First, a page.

Let $f∈ L 2 (−γ, Ω R )$, a complex vector-valued function is called a generalized solution of problem (1.2)-(1.3) if and only if, for any $T>0$, the equality

$( − 1 ) m − 1 i ∫ − ∞ T B(t,u,η)dt+ ∫ Ω − ∞ T u η t ¯ dxdt= ∫ Ω − ∞ T f η ¯ dxdt$
(1.4)

holds for all , $η(x,t)=0$ with $t≥T$.

## 2 The unique solvability of problems with initial condition

Firstly, for any $h∈R$, we study the following problem in the cylinder $Ω h ∞$:

(2.1)
$v ∣ t = h =0,x∈Ω,$
(2.2)
$∂ j v ∂ ν j | S h ∞ =0,j=0,…,m−1,$
(2.3)

where ν is the unit vector of outer normal to the surrounding surface $S h ∞$.

The solution $v(x,t)$ is surveyed in the generalized sense. That means is a generalized solution if and only if, for any $T>0$, we have

$( − 1 ) m − 1 i ∫ h T B(t,v,η)dt+ ∫ Ω h T v η t ¯ dxdt= ∫ Ω h T f η ¯ dxdt$
(2.4)

for all , $η(x,t)=0$ for all $t≥T$.

In , the unique solvability of problem (2.1)-(2.3) is studied in the case $h=0$ and $f, f t ∈ L ∞ (0,∞; L 2 (Ω))$. Now, by the same method, we consider that problem in the case $h∈R$ and $f, f t ∈ L 2 (−γ, Ω h ∞ )$.

Theorem 2.1 Assume that

1. (i)

$sup{| ∂ a p q ∂ t |:(x,t)∈ Ω h ∞ ,0≤|p|,|q|≤m}=μ<∞$;

2. (ii)

$f t ,f∈ L 2 (−γ, Ω h ∞ )$.

Then, for all $γ> γ 0 = m ⋆ μ 2 μ 0$, $m ⋆ = ∑ | α | ≤ m 1$, there exists a uniquely generalized solution of problem (2.1)-(2.3) satisfying

$∥ v ∥ H m , 0 ( − γ , Ω h ∞ ) 2 ≤C [ ∥ f ∥ L 2 ( − γ , Ω h ∞ ) 2 + ∥ f t ∥ L 2 ( − γ , Ω h ∞ ) 2 ] ,$
(2.5)

where C is a nonnegative constant independent of h, v, and f.

Proof The uniqueness is proved in a similar way as in . We omit the details here. Now we prove the existence by the Galerkin approximating method. Suppose that ${ φ k } k = 1 ∞$ is an orthogonal basis of $H m (Ω)$ which is orthonormal in $L 2 (Ω)$. For any $N∈N$, we consider the function $v N (x,t)= ∑ k = 1 N C k N (t) φ k (x)$, where $( C k N ( t ) ) k = 1 N$ is the solution of the ordinary differential system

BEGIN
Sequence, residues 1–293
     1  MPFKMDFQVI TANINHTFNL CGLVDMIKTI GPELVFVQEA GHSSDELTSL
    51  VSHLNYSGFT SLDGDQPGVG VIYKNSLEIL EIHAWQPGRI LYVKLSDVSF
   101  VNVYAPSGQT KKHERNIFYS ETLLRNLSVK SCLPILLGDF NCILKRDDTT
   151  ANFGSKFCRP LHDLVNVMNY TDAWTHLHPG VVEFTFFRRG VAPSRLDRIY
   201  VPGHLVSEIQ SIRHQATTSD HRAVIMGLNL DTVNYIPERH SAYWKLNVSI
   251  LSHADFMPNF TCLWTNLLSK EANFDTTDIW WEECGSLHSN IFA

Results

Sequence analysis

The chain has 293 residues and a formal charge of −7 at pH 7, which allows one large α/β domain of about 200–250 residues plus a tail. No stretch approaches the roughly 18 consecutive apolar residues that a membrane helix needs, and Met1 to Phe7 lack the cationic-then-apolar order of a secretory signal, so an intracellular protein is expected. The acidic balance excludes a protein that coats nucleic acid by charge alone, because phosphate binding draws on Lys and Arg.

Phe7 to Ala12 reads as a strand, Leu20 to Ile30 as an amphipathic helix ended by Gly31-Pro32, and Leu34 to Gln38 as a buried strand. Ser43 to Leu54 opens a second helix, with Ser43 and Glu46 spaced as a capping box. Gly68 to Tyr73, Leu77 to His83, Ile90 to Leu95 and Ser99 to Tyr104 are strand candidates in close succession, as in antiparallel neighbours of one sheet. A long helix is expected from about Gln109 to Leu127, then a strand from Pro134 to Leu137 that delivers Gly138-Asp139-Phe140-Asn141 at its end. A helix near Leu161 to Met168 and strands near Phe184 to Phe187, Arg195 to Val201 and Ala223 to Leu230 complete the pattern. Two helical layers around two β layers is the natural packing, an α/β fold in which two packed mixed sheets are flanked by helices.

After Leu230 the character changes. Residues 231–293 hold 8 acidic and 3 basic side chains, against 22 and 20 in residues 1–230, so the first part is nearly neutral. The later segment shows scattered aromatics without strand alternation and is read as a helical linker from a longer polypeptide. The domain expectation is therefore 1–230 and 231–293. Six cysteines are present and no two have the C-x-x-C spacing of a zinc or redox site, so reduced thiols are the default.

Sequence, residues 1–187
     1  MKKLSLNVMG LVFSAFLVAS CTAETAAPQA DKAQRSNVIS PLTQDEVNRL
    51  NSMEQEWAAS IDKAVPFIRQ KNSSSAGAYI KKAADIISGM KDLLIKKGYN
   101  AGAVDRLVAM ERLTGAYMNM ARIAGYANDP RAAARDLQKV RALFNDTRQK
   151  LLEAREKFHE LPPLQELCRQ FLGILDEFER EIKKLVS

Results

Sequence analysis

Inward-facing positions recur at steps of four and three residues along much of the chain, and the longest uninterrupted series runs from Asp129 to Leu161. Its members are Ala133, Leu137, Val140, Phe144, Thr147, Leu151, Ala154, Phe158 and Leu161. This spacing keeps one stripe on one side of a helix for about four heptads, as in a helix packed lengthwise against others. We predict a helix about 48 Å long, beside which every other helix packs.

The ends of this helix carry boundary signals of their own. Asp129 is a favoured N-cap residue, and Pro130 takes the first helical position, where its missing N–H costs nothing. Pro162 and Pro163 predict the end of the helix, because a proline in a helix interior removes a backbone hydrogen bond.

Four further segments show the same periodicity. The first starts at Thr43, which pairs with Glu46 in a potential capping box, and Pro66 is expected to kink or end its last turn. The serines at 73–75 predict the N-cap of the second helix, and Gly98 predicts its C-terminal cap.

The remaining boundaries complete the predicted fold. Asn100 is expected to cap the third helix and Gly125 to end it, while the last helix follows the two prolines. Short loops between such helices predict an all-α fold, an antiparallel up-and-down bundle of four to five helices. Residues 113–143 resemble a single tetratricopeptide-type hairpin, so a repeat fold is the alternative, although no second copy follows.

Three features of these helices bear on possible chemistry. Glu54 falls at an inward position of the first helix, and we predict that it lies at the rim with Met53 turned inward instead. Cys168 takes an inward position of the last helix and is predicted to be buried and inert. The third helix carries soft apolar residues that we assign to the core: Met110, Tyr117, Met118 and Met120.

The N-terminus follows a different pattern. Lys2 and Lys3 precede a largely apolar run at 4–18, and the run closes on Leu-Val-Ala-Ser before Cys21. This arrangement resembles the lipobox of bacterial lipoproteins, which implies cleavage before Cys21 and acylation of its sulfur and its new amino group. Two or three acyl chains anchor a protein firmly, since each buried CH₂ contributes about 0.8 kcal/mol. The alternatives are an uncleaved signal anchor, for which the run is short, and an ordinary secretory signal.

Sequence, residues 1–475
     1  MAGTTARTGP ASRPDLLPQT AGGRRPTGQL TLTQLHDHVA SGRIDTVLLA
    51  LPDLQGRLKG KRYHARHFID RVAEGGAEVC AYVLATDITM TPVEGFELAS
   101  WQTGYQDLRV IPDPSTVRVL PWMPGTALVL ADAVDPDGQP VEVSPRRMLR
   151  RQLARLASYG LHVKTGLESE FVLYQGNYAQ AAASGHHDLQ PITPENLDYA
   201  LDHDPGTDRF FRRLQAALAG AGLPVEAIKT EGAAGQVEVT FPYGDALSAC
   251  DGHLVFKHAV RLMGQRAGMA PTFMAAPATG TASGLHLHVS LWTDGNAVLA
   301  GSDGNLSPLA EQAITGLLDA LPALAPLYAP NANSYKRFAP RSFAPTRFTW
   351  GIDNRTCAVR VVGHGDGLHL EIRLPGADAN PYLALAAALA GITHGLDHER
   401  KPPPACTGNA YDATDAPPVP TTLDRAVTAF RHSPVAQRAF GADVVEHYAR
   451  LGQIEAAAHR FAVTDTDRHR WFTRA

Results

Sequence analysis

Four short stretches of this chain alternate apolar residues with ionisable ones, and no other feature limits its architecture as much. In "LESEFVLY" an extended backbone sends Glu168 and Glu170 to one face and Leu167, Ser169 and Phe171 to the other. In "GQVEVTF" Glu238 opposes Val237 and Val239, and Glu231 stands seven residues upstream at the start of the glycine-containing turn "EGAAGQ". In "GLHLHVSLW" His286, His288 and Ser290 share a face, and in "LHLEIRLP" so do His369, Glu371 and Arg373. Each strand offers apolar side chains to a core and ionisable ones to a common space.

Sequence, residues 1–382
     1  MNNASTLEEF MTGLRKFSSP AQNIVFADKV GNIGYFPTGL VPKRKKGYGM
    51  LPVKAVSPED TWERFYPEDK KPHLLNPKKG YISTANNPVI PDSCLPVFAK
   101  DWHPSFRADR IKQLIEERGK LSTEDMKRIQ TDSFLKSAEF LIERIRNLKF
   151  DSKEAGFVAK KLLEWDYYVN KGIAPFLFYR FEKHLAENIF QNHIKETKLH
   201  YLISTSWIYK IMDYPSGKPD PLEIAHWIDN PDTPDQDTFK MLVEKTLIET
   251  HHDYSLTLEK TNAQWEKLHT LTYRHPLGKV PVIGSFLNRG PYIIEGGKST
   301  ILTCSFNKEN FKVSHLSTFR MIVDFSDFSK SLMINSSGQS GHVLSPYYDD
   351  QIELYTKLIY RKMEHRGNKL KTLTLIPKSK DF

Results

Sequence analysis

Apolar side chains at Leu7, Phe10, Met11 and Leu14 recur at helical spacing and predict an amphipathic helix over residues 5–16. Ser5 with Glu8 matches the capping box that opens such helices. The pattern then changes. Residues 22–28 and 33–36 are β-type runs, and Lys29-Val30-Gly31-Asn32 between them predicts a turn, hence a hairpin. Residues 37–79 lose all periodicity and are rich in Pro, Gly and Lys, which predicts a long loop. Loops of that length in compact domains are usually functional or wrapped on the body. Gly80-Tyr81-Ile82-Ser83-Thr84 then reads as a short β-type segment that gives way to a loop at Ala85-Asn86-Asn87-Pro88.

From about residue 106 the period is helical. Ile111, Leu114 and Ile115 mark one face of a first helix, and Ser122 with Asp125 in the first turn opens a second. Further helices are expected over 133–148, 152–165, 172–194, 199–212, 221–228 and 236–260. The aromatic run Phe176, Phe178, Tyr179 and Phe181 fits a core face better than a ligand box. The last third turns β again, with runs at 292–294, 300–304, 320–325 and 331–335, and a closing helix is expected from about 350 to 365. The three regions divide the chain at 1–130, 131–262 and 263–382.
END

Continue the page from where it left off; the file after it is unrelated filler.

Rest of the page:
$( − 1 ) m − 1 i B ( t , v N , φ k ) − ∫ Ω v t N φ k ¯ d x = ∫ Ω f φ k ¯ d x , C k N ( h ) = 0 , k = 1 , … , N .$
(2.6)

So, multiplying both sides of (2.6) by $d d t ( C k N ( t ) ) ¯$ and taking the sum with respect to k from 1 to N, we arrive at

$( − 1 ) m ∑ | p | , | q | = 0 m ∫ Ω a p q D q v N D p v t N ¯ dx−i ∫ Ω v t N v t N ¯ dx=i ∫ Ω f v t N ¯ dx.$

Adding this equation to its complex conjugate, integrating with respect to t from h to T, and then integrating by parts, we get

$( − 1 ) m ∑ | p | , | q | = 0 m ∫ Ω a p q ( x , T ) D q v N ( x , T ) D p v N ( x , T ) ¯ d x = ( − 1 ) m ∑ | p | , | q | = 0 m ∫ Ω h T ∂ a p q ∂ t D q v N D p v N ¯ d x d t − 2 Im ( ∫ Ω f ( x , T ) v N ( x , T ) ¯ d x − ∫ Ω h T f t v N ¯ d x d t ) .$
(2.7)

Using (1.1) and the Cauchy inequality, we receive from (2.7) that

$∥ v N ( ⋅ , T ) ∥ H m ( Ω ) 2 ≤ m ⋆ μ + ϵ μ 0 − ϵ ∫ h T ∥ v N ( ⋅ , t ) ∥ H m ( Ω ) 2 d t + 1 ϵ ( μ 0 − ϵ ) ( ∥ f ( ⋅ , T ) ∥ L 2 ( Ω ) 2 + ∫ h T ∥ f t ( ⋅ , t ) ∥ L 2 ( Ω ) 2 d t ) .$
(2.8)

Using the Gronwall-Bellman inequality, put $2α= m ⋆ μ + ϵ μ 0 − ϵ$, from (2.8) we obtain

$∥ v N ( ⋅ , T ) ∥ H m ( Ω ) 2 ≤ 2 α ∫ h T e 2 α ( T − t ) ( ∥ f ( ⋅ , t ) ∥ L 2 ( Ω ) 2 + ∫ h T ∥ f s ( ⋅ , s ) ∥ L 2 ( Ω ) 2 d s ) d t + 1 ϵ ( μ 0 − ϵ ) ( ∥ f ( ⋅ , T ) ∥ L 2 ( Ω ) 2 + ∫ h T ∥ f t ( ⋅ , t ) ∥ L 2 ( Ω ) 2 d t ) .$

Multiplying both sides of this equation by $e − 2 γ T$ and integrating with respect to T from h to ∞, we get

$∥ v N ∥ H m , 0 ( − γ , Ω h ∞ ) 2 ≤ 1 ϵ ( μ 0 − ϵ ) ∫ h ∞ e − 2 γ T ∥ f ( ⋅ , T ) ∥ L 2 ( Ω ) 2 d T + 1 ϵ ( μ 0 − ϵ ) ∫ h ∞ e − 2 γ T ∫ h T ∥ f t ( ⋅ , t ) ∥ L 2 ( Ω ) 2 d t d T + 2 α ∫ h ∞ e − 2 γ T ∫ h T e 2 α ( T − t ) ∥ f ( ⋅ , t ) ∥ L 2 ( Ω ) 2 d t d T + 2 α ∫ h ∞ e − 2 γ T ∫ h T e 2 α ( T − t ) ∫ h t ∥ f s ( ⋅ , s ) ∥ L 2 ( Ω ) 2 d s d t d T .$
(2.9)

We denote by I, II, III, IV the terms from the first, second, third, fourth, respectively, of the right-hand sides of (2.9). We will give estimations for these terms. Firstly